Kaiser son brings $20,000 regal price for Granite Ridge

Granite Ridge sets impressive $7130 av for SA Angus Week


ONE of the first sons offered by $52,000 SA-record priced Angus bull, Granite Ridge Kaiser K26, has topped the stud’s 12th annual on-property sale on Friday at Reedy Creek, bringing $20,000.



   2019            2018

Offered    78                 78

Sold          69                 71

Top            $20,000        26,000

Av              $7130            $7740

ONE of the first sons offered by $52,000 SA-record priced Angus bull, Granite Ridge Kaiser K26, has topped the stud’s 12th annual on-property sale on Friday at Reedy Creek.

Lot 25, Granite Ridge Nighthood N61, was the headline act making $20,000.

There was plenty of pre-sale stud interest in the outstanding March 2017 drop, but it was large commercial producer Greg Fisher, Clover Ridge, Marcollat, who put in the winning bid with his agent Elders southern zone livestock manager Laryn Gogel 

The 924 kilogram, which was out of one of the stud’s top cow families, will be used in Clover Ridge’s bull breeding program.

Mr Gogel said they had visited many Angus studs during Stock Journal Beef Week and Nighthood N61 stood out for his “natural thickness, depth and softness” and balance of Breedplan figures.

The bull was in the top eight per cent of the breed for all Angus$ indexes as well as top 1pc for 200 day and 600 day growth.

“He has got outstanding figures, he is is extremely correct and for the campaign that Greg has been on for the last few years he has got some females with a fair bit of frame, so this bull will just compliment what he has done with the frame,” Mr Gogel said.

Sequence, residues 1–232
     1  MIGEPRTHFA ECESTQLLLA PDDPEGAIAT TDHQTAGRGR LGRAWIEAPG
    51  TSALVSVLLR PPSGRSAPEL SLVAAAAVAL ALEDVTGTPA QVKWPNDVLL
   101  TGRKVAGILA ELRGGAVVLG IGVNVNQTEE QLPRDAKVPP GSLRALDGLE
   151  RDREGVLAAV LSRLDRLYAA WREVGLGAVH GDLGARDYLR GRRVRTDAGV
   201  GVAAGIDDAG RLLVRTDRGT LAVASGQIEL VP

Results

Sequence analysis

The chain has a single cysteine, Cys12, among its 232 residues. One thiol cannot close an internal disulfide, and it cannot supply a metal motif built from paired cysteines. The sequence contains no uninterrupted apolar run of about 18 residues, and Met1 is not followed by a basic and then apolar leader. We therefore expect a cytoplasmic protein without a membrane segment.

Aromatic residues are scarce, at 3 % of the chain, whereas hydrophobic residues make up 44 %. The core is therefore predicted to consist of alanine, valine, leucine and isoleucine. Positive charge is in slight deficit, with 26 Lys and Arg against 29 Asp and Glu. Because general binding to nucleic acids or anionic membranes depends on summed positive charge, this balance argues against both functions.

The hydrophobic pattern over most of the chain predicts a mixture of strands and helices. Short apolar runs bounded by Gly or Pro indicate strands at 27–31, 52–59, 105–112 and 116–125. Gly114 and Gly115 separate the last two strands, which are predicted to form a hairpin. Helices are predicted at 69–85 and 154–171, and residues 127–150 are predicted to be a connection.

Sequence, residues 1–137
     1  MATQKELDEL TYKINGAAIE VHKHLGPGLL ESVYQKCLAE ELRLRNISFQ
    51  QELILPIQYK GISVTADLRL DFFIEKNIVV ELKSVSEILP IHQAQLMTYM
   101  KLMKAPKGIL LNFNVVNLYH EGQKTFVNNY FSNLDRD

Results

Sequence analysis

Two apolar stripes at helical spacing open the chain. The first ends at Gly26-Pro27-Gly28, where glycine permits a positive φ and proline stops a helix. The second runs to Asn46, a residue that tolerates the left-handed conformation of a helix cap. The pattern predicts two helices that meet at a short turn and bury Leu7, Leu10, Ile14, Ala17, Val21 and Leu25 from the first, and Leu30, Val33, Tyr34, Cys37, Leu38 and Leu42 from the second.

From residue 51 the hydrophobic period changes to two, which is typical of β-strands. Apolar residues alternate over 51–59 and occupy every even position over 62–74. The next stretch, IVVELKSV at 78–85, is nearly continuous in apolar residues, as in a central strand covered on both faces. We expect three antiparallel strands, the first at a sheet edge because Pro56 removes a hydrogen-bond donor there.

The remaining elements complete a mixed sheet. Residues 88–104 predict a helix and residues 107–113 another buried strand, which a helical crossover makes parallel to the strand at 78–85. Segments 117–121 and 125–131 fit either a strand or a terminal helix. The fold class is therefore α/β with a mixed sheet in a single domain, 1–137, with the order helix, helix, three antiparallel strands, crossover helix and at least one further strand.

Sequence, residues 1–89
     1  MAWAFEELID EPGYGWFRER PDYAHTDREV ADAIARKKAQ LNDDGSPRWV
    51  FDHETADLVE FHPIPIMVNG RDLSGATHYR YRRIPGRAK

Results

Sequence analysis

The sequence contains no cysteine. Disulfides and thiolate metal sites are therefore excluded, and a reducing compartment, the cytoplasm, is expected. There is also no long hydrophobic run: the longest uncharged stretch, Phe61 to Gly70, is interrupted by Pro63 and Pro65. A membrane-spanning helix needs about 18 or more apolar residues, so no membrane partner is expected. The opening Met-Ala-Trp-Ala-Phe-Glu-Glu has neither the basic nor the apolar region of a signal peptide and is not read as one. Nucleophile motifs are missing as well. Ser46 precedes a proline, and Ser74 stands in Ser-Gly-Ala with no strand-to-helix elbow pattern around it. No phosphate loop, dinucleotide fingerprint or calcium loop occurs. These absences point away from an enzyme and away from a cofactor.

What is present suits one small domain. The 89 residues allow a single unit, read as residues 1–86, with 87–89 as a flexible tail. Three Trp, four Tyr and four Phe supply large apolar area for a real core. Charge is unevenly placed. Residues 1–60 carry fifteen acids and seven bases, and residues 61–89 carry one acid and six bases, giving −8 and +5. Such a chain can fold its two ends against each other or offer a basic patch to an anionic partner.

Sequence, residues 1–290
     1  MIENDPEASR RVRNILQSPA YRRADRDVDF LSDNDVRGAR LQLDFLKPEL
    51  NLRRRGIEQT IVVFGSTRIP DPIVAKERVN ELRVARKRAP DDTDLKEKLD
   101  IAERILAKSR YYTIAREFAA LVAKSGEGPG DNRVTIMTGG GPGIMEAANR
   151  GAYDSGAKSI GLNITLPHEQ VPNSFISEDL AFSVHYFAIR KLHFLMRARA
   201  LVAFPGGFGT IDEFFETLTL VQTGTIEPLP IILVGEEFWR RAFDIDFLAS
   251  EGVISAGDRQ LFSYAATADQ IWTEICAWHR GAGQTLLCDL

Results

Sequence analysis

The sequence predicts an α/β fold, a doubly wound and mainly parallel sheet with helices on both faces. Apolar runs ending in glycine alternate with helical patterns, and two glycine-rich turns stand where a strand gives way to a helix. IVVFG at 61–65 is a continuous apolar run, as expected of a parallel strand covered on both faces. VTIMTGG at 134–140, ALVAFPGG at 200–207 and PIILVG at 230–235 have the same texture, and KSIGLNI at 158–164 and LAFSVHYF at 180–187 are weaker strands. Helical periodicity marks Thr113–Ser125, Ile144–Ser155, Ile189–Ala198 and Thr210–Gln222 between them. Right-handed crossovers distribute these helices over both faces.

Clover Ridge has invested heavily at Granite Ridge over the years, including the 2017 sale topper.

Overall, 69 of 78 bulls offered by Colin Flanagan and Pat Ebert sold for a $7130 average.

This was back more than $600 on the 2018 sale but was to be expected with the season.

Bids flew for the early lots with 10 bulls making $10,000 or more, but there was plenty of great value in the second half of the catalogue for the 46 registered bidders from three states.

Thirty four bulls sold between $4000 and $6000.

Two large volume orders from long-time clients dominated Granite Ridge’s sale, ensuring the second sale for SA Angus Week was a great success.

Kangaroo Island cattleman Peter Murray, Kiwi Blue, Kingscote, led the charge with 13 bulls for a $8731 average.

Five of these were over $10,000 including Lot 31, an eye-appealing son of Millah Murrah Doc F159, which fetched the $18,000 second highest price of the sale.

The five Doc sons in the sale averaged an impressive $10,400.

The Bainger family and their advisor Libby Creek, Hillcrest Pastoral Company, Avenue Range, were also in many of the bidding duels putting together 12 bulls for a $5625 average for their Conkar Plains property.

Other prominent buyers included JG&CK Clarke, Kingston, with three bulls for a $8667 average.

This included Lot 2, the heaviest bull in the catalogue at 1026kg. 

Trott & Warner, Kingston, paid $12,000 and $10,000 for two Rennylea K447 sons at Lot 11 and Lot 38.

“Being so dry everywhere we always thought getting rid of so many bulls could be a challenge but there were only nine passed in and another four went after the sale, so we are very happy,” Mr Flanagan said.

He said the result of hundreds of Granite Ridge-sired steers put through Montrose feedlot, NSW, over the past three years was giving them confidence they were on the right track chasing weight for age and carcase quality.

“You can turn off a good weaner (with Granite Ridge progeny) but they also keep growing to produce 1050 kilogram to 1100 kg steers for the export market,” he said.

Earlier this year 100 of these heavy steers dressed out at an impressive 64 per cent.

NSW-based auctioneer Lincoln McKinlay from Glasser Total Sales Management, Wagga Wagga, described it as a “very strong sale” and said the stud was rewarded for one of the highest performing, structurally sound run of bulls for the season.

“It is always good to work with good people and good cattle,” he said.

Southern Australian Livestock was the settling agent.


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